Alarm as air pollution levels exceed the WHO limit

Alarm as air pollution levels exceed the WHO limit

Emerging evidence has linked the smog horizons seen in various towns and cities across the country with high levels of pollution.

The exhibition that began last week has sparked health anxiety among residents.

Fears about hazy horizons were compounded by the Kampala Capital City Authority (KCCA) announcement last Monday that they detected contamination several times higher than the World Health Organization (WHO) normal range of 25. micrograms per cubic meter.

“Results from our 23 citywide air quality monitors over the past 28 days indicate that the average particulate matter (PM 2.5) is 75 micrograms per cubic meter, [which] is 3 times higher than the limit for the World Health Organization (WHO), ”the KCCA said in a tweet on February 7.

Particulate matter (PM) is the sum of all the solid and liquid particles suspended in the air, many of which are dangerous to human health. PM2.5 are inhalable fine particles.

AirQo, a Makerere University project that collects and analyzes air quality data using cloud-based technologies, confirmed that their analyzes for the Kampala area indicate that PM2.5 levels have largely been within the ‘unhealthy and very unhealthy’ areas of the Air Quality Index (AQI).
“At 7 am on Tuesday, air quality levels ranged from 60 to 200 micrograms per cubic meter and had reached 300 micrograms per cubic meter in some areas. These levels fluctuate throughout the day, ”AirQo said in a tweet.

This means that some residents were exposed to contamination levels more than five times higher than the WHO normal range.

During the close of last year, AirQo reported that air quality had improved by 40 percent. In an interview yesterday, Mr. Deo Okure, AirQo’s air quality scientist, said that the pollution is due to changes in season and human activities.

“We have been closely monitoring the air quality (in Kampala) for the past few days. Since Thursday of last week, the horizon was full of fog. We compare with what is happening in other cities around the world and it seems that it is a localized problem [only in Kampala], ”said Okure.

According to experts, although this period is supposed to be a dry season, in January it has rather been raining.

“Calm weather situations, like less wind, tend to trap pollution closer to the ground because it cannot be dispersed. It is that pollution closer to the ground that affects people and that is what machines detect. When there is a lot of humidity, the [dust] particles swell. But if the air is very dry, it is easier for dust to form, ”Okure explained.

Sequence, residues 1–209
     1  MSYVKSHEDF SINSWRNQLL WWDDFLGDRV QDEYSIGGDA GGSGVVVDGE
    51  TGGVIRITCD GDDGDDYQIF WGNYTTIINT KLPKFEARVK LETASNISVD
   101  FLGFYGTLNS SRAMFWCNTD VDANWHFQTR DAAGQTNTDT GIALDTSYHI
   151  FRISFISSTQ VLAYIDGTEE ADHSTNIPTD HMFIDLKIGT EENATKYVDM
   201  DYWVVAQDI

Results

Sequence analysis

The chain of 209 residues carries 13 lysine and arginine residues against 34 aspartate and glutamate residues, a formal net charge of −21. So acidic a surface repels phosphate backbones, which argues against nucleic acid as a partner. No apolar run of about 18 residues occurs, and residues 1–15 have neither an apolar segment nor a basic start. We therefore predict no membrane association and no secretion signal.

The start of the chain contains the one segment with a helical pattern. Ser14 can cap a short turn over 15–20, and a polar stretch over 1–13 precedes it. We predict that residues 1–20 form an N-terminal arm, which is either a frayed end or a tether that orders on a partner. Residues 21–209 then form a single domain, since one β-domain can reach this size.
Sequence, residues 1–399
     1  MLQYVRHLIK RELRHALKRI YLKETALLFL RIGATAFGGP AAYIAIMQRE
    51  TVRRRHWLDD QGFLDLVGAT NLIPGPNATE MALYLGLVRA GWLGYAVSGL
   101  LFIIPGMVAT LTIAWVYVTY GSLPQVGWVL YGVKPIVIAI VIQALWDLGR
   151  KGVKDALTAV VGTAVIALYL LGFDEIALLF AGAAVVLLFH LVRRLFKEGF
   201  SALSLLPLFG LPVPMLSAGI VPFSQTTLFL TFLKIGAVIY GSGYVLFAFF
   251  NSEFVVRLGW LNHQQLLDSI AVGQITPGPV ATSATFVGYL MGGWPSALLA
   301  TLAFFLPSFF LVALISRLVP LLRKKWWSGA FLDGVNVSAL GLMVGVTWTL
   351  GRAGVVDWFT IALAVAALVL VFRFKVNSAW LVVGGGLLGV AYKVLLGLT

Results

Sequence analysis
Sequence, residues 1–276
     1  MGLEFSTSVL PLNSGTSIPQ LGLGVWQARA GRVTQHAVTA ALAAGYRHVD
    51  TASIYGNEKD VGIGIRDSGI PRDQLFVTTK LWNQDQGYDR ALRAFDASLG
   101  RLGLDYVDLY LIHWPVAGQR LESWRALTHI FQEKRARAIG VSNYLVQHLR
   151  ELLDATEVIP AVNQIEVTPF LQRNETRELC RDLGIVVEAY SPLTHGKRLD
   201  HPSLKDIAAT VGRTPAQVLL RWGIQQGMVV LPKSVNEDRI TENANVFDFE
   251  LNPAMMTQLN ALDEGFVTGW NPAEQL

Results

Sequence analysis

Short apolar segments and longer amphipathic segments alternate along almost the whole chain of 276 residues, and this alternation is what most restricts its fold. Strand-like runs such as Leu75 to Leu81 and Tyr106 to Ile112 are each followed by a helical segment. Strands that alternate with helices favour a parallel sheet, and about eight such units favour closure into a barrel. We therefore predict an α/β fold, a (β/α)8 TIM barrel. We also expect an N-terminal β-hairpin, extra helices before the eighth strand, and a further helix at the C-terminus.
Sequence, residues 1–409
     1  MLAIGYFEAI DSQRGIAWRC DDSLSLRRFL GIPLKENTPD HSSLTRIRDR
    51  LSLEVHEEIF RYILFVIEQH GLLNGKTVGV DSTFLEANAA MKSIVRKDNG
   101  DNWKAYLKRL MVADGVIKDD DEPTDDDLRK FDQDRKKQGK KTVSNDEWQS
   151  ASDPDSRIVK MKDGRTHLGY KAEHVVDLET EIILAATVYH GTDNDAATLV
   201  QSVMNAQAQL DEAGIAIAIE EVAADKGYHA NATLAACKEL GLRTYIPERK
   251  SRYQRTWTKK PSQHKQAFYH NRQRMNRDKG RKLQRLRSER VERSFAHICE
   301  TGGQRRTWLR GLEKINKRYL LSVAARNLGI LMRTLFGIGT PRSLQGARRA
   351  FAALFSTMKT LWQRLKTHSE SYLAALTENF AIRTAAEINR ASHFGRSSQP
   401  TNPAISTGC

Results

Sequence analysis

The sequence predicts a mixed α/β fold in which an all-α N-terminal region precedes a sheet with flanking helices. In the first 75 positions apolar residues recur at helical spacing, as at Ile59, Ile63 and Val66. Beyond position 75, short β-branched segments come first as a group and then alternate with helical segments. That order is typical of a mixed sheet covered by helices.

Dr William Worodria, a respiratory disease expert at Makerere University Lung Institute, said the main drivers of pollution in the country are emissions from industries, motorized transportation and cooking with biomass or wood fuel. . “If we had cheaper electricity, people would use less biomass. Some of the pollutants are silica from the roads, so if they can asphalt the roads it will lower the level of those pollutants, ”said Dr. Worodria.

KCCA said last Monday that its “team is working on source distribution and emissions inventories to determine the contribution of each sector and how to deal with it.” Dr. Daniel Okello, KCCA Director of Public Health and Environment, could not be reached for further details as of press time.

However, Tony Achidria, the senior public relations official for the National Environmental Management Authority (Nema), said that efforts to curb pollution in the country are increasing.

“Much of the pollution is caused by old vehicles, those that are not well cared for, and weddings. You realize that the air quality was much better during the confinement when the weddings and the vehicles couldn’t move compared to when they were operating, ”said Achidria.

“In addition, it is assumed that air pollution is caused by emissions from industries. But our findings have indicated that the industries are well regulated and their emissions are very low, ”he said. Daily Monitor was unable to independently verify this.
According to Mr. Achidria, the industries are monitored periodically and these are parameters that they must follow in terms of what they can emit.

He said the agency has also implemented a law that prohibits the importation of vehicles older than five years.

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